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Price shown rounded to cents. Actual price is available to 4 decimals. "Net asset value" means the value of the total assets of the investment fund less the value of liabilities, other than net assets attributable to security holders, of the investment fund, as at a specific date. The net asset value of an investment fund must be calculated using the fair value of the investment fund's assets and liabilities. The net asset value of each series of a fund is the value of all assets of that series less its liabilities. The net asset value of each series is calculated on each day that the Toronto Stock Exchange is open for trading (a "valuation day"). A separate net asset value is calculated for each series of units of a fund. The net asset value per unit of each series of a fund is calculated by dividing the net asset value of the series at the close of business on a valuation day by the total number of units of the series outstanding at that time.
Benchmark S&P 500 Index
Aggregate assets (all series)
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Fund aggregate assets for all series are expressed in Canadian dollars.
Morningstar category

Calendar returns††

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Annualized returns††

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Why invest in this fund?
  • A core equity holding that seeks to identify companies which the portfolio manager believes will offer sustained, above average earnings growth.
  • Managed with an emphasis on the U.S. market, with the flexibility to seek opportunities around the world
  • Focused on driving returns by aiming to invest in “best-of-breed” firms

Risk measures
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Risk measures are based on 3-year net returns (series B). (All returns are calculated in Canadian currency.)

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Annualized standard deviation
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Statistical measure of how much a return varies over an extended period of time. The more variable the returns, the larger the standard deviation. Investors may examine historical standard deviation in conjunction with historical returns to decide whether an investment's volatility would have been acceptable given the returns it would have produced. A higher standard deviation indicates a wider dispersion of past returns and thus greater historical volatility. Standard deviation does not indicate how an investment actually performed, but it does indicate the volatility of its returns over time. Standard deviation is annualized. The returns used for this calculation are not load-adjusted. Standard deviation does not predict the future volatility of a fund.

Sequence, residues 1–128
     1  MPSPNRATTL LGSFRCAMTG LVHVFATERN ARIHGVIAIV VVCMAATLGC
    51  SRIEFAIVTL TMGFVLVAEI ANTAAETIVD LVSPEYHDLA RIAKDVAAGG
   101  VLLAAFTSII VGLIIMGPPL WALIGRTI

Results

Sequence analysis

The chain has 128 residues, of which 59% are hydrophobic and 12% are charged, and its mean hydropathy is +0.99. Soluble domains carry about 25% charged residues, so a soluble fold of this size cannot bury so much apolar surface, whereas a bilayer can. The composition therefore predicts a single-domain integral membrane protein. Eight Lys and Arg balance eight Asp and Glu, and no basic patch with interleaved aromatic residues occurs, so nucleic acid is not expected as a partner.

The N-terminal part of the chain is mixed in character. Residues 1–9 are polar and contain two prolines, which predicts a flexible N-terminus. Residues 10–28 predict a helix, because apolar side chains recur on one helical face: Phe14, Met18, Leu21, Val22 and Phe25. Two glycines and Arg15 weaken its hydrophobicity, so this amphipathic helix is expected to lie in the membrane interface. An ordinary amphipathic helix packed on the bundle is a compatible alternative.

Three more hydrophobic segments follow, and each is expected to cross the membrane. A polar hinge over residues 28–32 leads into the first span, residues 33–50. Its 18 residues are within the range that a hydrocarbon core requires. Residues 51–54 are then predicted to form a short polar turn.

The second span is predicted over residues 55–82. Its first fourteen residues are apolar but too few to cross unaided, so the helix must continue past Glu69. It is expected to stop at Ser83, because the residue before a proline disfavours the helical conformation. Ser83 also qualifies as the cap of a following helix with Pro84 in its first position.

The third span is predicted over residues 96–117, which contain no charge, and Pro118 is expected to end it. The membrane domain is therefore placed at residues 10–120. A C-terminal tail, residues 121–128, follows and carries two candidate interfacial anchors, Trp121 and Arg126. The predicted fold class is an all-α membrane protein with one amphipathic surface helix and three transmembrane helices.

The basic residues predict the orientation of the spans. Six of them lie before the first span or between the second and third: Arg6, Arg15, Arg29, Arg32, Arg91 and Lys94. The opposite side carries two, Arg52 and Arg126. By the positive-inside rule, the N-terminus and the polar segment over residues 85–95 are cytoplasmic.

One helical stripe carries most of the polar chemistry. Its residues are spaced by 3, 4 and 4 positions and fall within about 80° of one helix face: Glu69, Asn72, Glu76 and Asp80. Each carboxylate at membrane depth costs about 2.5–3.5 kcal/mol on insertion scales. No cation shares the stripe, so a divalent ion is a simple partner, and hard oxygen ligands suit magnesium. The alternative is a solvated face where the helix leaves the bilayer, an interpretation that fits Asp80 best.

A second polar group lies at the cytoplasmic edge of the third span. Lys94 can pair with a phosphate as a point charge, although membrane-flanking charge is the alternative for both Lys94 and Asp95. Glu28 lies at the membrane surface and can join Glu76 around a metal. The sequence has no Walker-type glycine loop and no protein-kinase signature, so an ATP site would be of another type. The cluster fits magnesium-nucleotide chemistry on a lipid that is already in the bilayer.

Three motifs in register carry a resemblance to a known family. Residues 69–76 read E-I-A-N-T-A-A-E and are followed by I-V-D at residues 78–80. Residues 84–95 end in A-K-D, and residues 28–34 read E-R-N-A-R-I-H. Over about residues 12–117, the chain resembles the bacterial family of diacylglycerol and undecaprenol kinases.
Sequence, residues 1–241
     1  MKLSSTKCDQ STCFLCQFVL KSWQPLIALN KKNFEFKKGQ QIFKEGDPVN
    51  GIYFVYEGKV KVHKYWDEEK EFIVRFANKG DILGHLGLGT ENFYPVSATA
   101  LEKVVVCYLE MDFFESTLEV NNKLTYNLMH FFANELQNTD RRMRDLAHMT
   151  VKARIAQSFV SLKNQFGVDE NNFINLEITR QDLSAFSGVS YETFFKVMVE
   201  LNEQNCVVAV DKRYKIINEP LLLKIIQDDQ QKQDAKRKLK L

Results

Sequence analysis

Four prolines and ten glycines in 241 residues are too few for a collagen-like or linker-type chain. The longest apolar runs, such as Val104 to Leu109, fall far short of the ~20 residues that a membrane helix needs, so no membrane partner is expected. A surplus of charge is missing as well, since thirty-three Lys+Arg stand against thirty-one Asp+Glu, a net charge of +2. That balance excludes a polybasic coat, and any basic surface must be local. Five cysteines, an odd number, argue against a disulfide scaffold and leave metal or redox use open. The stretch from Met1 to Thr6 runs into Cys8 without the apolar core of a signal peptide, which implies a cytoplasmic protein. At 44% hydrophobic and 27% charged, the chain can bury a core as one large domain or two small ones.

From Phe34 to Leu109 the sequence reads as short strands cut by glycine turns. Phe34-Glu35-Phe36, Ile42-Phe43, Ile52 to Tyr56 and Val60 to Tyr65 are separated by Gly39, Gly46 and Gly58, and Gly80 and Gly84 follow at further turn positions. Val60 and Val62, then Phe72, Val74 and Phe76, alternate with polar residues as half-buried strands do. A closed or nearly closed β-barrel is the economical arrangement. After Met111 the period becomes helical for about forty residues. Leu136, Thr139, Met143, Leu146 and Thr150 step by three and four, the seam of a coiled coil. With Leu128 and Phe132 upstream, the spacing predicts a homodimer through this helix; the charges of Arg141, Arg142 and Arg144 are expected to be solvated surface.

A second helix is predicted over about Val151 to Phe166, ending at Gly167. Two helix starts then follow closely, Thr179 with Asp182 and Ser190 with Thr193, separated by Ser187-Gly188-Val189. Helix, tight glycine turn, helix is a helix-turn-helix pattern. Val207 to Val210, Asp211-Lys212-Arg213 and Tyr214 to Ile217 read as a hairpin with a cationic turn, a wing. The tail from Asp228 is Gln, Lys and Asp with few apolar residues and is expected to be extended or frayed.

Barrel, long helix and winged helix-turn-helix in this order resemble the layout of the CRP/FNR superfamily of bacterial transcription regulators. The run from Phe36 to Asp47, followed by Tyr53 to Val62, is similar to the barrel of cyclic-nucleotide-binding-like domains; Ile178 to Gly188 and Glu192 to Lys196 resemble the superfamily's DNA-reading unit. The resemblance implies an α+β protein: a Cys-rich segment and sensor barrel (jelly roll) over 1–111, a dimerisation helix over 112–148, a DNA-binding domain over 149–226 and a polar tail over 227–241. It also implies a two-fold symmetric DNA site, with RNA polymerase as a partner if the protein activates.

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A measure of a portfolio's sensitivity to market movements (as represented by a benchmark index). The benchmark index has a beta of 1.0. A beta of more (less) than 1.0 indicates that a fund's historical returns have fluctuated more (less) than the benchmark index. Beta is a more reliable measure of volatility when used in combination with a high R², which indicates a high correlation between the movements in a fund's returns and movements in a benchmark index
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A measurement of how closely the portfolio's performance correlates with the performance of the fund's primary benchmark index or equivalent. R² is a proportion which ranges between 0.00 and 1.00. An R² of 1.00 indicates perfect correlation to the benchmark index, that is, all of the portfolio's fluctuations are explained by performance fluctuations of the index, while an R² of 0.00 indicates no correlation. Therefore, the lower the R², the more the fund's performance is affected by factors other than the market as measured by that benchmark index. An R² value of less than 0.5 indicates that the annualized alpha and beta are not reliable performance statistics. Standard deviation does not predict the future volatility of a fund.
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Risk classification
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The investment risk level indicated is required to be determined in accordance with the Canadian Securities Administrators standardized risk classification methodology, which is based on the historical volatility of a fund, as measured by the ten-year annualized standard deviation of the returns of the fund. Standard deviation is used to quantify the historical dispersion of returns around the average returns over a recent ten-year period. (See definition of standard deviation.)

Low to medium
Medium to high


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